Jacob

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Dunno that picture of the actual cut looks like a cross cut saw. A rip saw is filed straight across into a chisel edge.
Doing it horizontally at bench height looks particularly difficult - I'd stand it vertically in the vice, turned at 90º - much easier and you can use both hands. You move it up the vice as you cut, etc.
 

Karl

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I did a bit here (scroll down a bit). Fun, but wouldn't be doing it on a regular basis! 3tpi rip saw.

Cheers

Karl
 

NickN

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Nice to see the photos of how you achieved it - I will at some point have to do similar, as I have no bandsaw or table saw, and would most likely use a similar method (though with no workbench yet, using a jawhorse as the vice and stand). Wedging the sawn gap would seem to solve the obvious problem that occurs as the clamping point is neared, but I do wonder whether there are better ways which aren't too complicated.

Perhaps a sacrificial board underneath, with pieces at each side to prevent sideways movement, and a piece at one end to prevent long ways movement... all starts to get a bit involved though.
 

AndyT

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Jacob":2xhvb05m said:
Dunno that picture of the actual cut looks like a cross cut saw. A rip saw is filed straight across into a chisel edge.
Doing it horizontally at bench height looks particularly difficult - I'd stand it vertically in the vice, turned at 90º - much easier and you can use both hands. You move it up the vice as you cut, etc.

Jacob, I know I don't have as many years of experience as you do, but please give me some credit. I do know the difference between a rip saw and a cross cut saw.

I tried to explain why working the way you suggest was not practical for me in this case - but to clarify, there is not a lot of headroom in my workshop. If I stood on a big enough box to reach the top of this piece of wood when it was vertical, I'd be banging my head on the ceiling, which is only about 40" above the bench.

Karl - it's nice to see that even someone with all the machinery available right there will sometimes have a go!

Nick - I think maybe you are getting a bit too complicated - wedging the cut does work! Another option is to cut half way, then start again at the other end.
 

Jacob

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AndyT":3nvvh7o0 said:
..... I do know the difference between a rip saw and a cross cut saw.
Maybe it's set too wide then - the cut looks a bit odd
PS if you look down the length of a rip filed saw you shouldn't be able to see a gap between the rows of teeth as you would with a cross cut.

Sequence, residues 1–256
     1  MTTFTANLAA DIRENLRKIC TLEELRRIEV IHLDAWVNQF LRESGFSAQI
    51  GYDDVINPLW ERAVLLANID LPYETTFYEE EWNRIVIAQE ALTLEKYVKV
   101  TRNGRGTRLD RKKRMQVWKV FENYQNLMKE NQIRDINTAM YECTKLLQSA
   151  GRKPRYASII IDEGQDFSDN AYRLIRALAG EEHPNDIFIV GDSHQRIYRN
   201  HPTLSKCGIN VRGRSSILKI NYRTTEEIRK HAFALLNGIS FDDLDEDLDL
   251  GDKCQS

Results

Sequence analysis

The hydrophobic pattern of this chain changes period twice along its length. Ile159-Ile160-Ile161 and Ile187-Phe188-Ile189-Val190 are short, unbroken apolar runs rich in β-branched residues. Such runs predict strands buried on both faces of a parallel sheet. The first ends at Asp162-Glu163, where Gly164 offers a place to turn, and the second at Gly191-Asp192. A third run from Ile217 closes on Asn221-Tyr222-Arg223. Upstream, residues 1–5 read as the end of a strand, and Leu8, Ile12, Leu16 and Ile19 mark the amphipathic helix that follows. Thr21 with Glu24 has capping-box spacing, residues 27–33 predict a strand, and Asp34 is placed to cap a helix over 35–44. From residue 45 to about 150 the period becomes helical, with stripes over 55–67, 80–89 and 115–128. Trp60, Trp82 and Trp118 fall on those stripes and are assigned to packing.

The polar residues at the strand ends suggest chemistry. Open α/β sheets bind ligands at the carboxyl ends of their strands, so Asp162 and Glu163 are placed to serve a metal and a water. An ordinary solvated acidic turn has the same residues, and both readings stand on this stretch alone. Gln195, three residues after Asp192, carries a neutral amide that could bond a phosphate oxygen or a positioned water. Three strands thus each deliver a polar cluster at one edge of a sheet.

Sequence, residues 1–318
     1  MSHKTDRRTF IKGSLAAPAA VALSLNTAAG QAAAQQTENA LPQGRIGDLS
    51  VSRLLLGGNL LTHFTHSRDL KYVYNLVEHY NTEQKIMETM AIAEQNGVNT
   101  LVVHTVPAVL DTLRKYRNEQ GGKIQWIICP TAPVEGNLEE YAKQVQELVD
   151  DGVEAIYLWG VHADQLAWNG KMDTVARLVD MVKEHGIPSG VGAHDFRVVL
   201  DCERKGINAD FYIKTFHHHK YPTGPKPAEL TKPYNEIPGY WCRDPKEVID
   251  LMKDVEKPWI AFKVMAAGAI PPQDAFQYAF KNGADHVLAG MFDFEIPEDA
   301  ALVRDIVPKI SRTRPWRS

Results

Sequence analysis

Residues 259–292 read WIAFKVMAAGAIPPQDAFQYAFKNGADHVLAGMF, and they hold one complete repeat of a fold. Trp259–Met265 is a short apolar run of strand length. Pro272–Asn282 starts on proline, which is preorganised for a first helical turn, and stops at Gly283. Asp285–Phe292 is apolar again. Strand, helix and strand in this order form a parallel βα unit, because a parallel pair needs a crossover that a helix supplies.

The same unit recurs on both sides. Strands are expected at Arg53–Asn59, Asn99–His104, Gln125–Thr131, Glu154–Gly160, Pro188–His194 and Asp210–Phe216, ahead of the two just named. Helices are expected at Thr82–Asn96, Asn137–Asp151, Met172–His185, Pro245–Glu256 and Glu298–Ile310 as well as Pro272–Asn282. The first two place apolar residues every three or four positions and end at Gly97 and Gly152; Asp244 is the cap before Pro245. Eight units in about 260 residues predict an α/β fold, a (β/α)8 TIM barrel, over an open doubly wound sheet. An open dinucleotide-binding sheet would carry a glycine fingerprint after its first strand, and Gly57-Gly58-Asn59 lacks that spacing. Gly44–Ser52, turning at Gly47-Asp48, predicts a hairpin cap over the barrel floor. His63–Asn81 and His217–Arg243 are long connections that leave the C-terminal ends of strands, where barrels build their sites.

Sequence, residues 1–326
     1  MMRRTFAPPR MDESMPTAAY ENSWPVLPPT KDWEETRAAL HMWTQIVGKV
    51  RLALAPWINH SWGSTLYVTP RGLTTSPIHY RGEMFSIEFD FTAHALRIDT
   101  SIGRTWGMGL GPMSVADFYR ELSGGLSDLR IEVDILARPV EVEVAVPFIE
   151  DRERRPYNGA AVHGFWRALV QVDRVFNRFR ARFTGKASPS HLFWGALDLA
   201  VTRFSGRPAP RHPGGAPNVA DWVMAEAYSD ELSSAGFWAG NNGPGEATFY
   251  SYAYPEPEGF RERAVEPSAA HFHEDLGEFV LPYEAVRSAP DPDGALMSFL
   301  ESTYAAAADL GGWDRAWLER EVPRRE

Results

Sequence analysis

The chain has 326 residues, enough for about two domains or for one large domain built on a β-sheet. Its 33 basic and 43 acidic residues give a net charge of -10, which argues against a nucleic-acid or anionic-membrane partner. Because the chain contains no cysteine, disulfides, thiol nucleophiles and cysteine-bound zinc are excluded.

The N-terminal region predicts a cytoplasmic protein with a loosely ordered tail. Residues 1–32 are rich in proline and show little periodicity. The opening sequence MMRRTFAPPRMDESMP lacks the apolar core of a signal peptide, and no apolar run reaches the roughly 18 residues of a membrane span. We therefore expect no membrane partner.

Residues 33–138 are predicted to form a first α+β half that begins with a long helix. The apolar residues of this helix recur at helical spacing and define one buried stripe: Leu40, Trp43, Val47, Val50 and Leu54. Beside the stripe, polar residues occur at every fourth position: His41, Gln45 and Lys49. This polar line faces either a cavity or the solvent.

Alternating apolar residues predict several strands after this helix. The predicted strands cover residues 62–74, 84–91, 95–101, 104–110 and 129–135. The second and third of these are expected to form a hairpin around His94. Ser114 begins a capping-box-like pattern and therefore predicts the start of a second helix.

I tried to explain why working the way you suggest was not practical for me in this case - but to clarify, there is not a lot of headroom in my workshop. If I stood on a big enough box to reach the top of this piece of wood when it was vertical, I'd be banging my head on the ceiling, which is only about 40" above the bench.....
I might have missed something, not sure what the problem was - it looks perfectly do-able in that second photo.
 

worn thumbs

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Admirable persistence.Maybe one day people will start selling ripsaws again,its good exercise and no polar bears have been made homeless by power station emissions.Obviously in a commercial environment power tools will prevail.
 

Bm101

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Chris Schwarz has just been on the phone asking what height you set your drawer at for his new book Andy. :D
 

AndyT

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Bm101":1evopcfc said:
Chris Schwarz has just been on the phone asking what height you set your drawer at for his new book Andy. :D

If only!!
 

MarkDennehy

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AndyT":12g5yuzm said:
Does anyone else do this sort of thing, by necessity or by choice?
Not by choice and not as big a rip as that, and not as well as you did it :D
I'm ripping down some ash from an inch to just-under-half-inch. The board's eight inches across, but I'd rough-sawn it to 30" lengths (mainly so I could get it in the shed - which is a tiny 8x6 thing that's half-full of junk I need to get shot of anyway, so you can understand why I don't have the bandsaw I really, really want to have :D ).
I had a large 300mm ryoba and what looks like an old disston clone (which I'd sharpened up first). It didn't go so well. The ryoba was slow, but clean enough:

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But the disston... ouch.

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I hadn't noticed that the blade had a small bow in it. Maybe on a narrower board it wouldn't have been an issue, but every time I flipped the 8" board around in the vice, I was scooping out a dish on the other side of the inside of the board without realising it. Should have taken my time and done the job with the ryoba.

For the next board, I'm trying a different tack since the slats are all just under 2" wide anyway:

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Ripping a 2" board should be easier than an 8" board, right? :D